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Free online tool for value investors

Discussion in 'Trading/Investing Resources' started by pblain, Jan 21, 2017.

  1. pblain

    pblain

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    What do you think of this tool? https://valuefrog.com

    It calculates the intrinsic value of ASX listed companies using different methods. It’s free BTW.
     
  2. galumay

    galumay learner

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    Its so inaccurate as to be entirely irrelevant. None of the data was correct for companies I checked.
     
    Iggy_Pop likes this.
  3. luutzu

    luutzu

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    This is the best one I reckon www.danginvestor.com :D
     
  4. pblain

    pblain

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    Data is from Morningstar US site http://www.morningstar.com/
     
  5. valuefrog

    valuefrog

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    I’m the creator of ValueFrog. https://valuefrog.com I started this over Christmas for my own use, but I make it available to the community. The first iteration was pulling data from a source that didn’t always align with the stats I was seeing elsewhere. It was a free source and sometimes you get what you pay for! It now uses a more reliable data source, which looks much better - but I still can't make any guarantees about it so definitely verify the financials elsewhere.

    There's also a new feature that scans for businesses that are trading below the 4 intrinsic values that ValueFrog calculates. (Click on “Bargains” in the menu). Many of the results are at low prices for a reason, but there are a few worth considering.

    ValueFrog is a work in progress so let me know if you have any feedback. Keep in mind that it’s aimed at value investors. Also note that it isn’t a commercial product - it’s a side project that I started to supplement the other tools I use.
     
  6. nevsupra

    nevsupra

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    Greetings, It works, what key drivers do you follow?
     
  7. skc

    skc Goldmember

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    Looks interesting. Thanks for putting it up for all to have a play. The 4 different methods tend to generate quite different valuations and it's difficult for the casual observer to decide which one makes the most sense. Nonetheless a good starting point for a project or someone looking for a 2nd opinion.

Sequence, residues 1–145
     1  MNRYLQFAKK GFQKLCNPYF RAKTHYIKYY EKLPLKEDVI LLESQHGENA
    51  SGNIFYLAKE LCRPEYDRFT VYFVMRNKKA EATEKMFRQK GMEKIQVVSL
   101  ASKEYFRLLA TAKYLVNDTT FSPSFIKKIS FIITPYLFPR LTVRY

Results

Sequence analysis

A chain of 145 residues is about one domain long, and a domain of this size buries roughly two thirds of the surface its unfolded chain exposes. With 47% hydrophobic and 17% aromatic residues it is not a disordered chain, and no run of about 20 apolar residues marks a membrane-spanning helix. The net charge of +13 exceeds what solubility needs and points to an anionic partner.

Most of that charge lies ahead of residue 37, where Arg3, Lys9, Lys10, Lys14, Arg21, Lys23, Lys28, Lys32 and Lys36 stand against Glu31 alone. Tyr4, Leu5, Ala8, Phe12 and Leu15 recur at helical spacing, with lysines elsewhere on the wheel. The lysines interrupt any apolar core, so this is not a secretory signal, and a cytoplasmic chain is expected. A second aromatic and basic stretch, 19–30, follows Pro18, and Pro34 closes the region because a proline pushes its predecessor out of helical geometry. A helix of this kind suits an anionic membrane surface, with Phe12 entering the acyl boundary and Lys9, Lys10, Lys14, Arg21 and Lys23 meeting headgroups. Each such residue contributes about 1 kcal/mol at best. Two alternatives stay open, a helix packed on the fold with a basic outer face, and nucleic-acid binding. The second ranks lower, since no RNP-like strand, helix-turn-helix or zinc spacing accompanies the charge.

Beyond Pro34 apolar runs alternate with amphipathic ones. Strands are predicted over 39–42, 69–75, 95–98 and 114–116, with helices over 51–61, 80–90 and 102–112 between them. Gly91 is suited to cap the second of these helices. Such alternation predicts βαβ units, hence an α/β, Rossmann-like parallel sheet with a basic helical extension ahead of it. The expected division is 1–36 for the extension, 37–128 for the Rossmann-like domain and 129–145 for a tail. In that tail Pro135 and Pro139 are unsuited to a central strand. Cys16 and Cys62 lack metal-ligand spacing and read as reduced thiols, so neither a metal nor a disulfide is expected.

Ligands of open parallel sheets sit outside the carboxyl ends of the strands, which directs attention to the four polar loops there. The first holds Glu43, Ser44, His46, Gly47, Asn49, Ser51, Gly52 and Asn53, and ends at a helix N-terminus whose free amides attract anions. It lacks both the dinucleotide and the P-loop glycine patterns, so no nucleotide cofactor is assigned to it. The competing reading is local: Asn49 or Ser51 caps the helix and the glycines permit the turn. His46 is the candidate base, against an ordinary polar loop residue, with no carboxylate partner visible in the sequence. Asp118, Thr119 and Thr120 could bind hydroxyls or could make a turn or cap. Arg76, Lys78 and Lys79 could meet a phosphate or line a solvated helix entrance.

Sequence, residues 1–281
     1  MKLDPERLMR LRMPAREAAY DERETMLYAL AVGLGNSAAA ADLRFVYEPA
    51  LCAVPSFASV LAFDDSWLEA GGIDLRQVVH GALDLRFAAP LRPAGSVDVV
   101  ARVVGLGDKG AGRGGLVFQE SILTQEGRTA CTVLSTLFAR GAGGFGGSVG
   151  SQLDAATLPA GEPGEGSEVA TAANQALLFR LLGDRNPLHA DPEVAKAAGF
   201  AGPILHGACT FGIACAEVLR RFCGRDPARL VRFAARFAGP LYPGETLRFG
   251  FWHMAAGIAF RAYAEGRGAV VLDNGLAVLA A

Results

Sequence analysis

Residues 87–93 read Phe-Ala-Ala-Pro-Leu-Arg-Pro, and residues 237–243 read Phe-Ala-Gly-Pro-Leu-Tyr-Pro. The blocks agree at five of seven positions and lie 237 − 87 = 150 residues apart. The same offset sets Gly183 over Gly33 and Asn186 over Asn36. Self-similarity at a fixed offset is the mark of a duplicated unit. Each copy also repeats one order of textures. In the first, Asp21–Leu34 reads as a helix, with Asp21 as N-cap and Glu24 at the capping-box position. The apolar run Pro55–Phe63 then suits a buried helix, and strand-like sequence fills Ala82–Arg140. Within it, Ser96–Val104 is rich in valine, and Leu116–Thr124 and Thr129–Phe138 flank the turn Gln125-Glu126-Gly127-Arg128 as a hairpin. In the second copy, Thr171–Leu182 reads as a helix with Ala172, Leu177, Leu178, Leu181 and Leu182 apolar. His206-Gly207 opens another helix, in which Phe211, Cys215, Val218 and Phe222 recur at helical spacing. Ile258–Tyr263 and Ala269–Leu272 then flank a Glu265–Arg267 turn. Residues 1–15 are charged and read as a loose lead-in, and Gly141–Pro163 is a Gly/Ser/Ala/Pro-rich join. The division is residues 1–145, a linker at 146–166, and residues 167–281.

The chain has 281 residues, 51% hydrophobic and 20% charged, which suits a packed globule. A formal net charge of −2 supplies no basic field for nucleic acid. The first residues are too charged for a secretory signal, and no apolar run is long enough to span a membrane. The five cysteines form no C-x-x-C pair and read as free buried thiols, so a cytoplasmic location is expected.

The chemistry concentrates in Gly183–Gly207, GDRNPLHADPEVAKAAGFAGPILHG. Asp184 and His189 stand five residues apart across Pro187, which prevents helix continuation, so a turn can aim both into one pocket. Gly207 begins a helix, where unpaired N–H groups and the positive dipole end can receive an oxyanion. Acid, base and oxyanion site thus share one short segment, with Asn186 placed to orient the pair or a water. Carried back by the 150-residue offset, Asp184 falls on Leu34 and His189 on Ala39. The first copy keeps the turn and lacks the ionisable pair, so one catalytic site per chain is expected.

8. So_Cynical

    So_Cynical The Contrarian Averager

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    Strange results on some of the stocks i hold, the site needs something to make sense of it all...the problem with value investing is that its all rear view mirror, you cant rate potential.

    EG: HZR brings up results of 0 - 0 - 0 - 0
     
  9. galumay

    galumay learner

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    I think that means its a strong sell, So_Cynical. :roflmao:
     
  10. Knobby22

    Knobby22 Mmmmmm 2nd breakfast

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    I don't think any of the methods properly account for growth.
    The Buffet one is the most inaccurate and dodgy. Montgomery always seems low.
    only Graham has a price close to CSLs present price while SGH is valued as $0 with Buffett giving it a price of $7.70 showing it is too reliant on historical figures.
    I like the tool generally though but I reckon the Buffett one needs a rethink.
     
  11. galumay

    galumay learner

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    Thats because its misused, when Buffett talks about free cash flow its not the same as the FCF that something like Morningstar or Yahoo Finance uses. Also he uses the IV calculation as a really raw filter, its something so simple he can do it in his head and get a 'back of the envelope' IV so he can decide whether or not to look any deeper. There is no way a normal investor can use the formula on its own to decide whether a company is investible or not. I use a derived form of the Buffett formula in my spreadsheet, along with several others. It usually results in a conservative IV compared to others - but you have to derive FCF the way he does. Dodgy Roger I have never used his approach as I think its inherently flawed.

    Personally I think the growth element is the trickiest part in any FA approach, I work with a very conservative estimates of future growth, with a few steps over time (downwards). It means very few companies present as trading below their IV, but I think its better to err on the side of underestimation generally.
     
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